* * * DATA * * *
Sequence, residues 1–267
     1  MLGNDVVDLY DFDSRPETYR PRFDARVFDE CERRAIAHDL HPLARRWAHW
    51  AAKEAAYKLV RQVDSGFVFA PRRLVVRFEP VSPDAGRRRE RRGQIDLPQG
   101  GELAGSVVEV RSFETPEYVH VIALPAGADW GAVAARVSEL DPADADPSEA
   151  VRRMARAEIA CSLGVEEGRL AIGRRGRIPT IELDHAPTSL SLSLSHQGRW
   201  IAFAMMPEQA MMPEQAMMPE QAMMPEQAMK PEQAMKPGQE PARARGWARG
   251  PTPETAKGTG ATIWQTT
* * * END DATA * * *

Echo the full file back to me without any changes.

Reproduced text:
Sequence, residues 1–267
     1  MLGNDVVDLY DFDSRPETYR PRFDARVFDE CERRAIAHDL HPLARRWAHW
    51  AAKEAAYKLV RQVDSGFVFA PRRLVVRFEP VSPDAGRRRE RRGQIDLPQG
   101  GELAGSVVEV RSFETPEYVH VIALPAGADW GAVAARVSEL DPADADPSEA
   151  VRRMARAEIA CSLGVEEGRL AIGRRGRIPT IELDHAPTSL SLSLSHQGRW
   201  IAFAMMPEQA MMPEQAMMPE QAMMPEQAMK PEQAMKPGQE PARARGWARG
   251  PTPETAKGTG ATIWQTT